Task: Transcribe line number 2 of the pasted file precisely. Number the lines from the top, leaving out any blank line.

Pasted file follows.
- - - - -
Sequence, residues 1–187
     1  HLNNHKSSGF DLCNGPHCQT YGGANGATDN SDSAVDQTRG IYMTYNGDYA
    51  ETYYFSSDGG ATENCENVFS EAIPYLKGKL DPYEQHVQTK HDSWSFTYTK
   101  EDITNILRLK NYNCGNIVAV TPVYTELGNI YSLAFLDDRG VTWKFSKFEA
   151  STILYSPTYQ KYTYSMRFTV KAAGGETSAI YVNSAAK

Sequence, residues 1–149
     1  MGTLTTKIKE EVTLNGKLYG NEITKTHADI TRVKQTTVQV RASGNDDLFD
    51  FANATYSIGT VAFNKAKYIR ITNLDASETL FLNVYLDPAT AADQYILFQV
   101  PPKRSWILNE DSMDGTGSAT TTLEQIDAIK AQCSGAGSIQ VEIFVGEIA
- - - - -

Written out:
     1  HLNNHKSSGF DLCNGPHCQT YGGANGATDN SDSAVDQTRG IYMTYNGDYA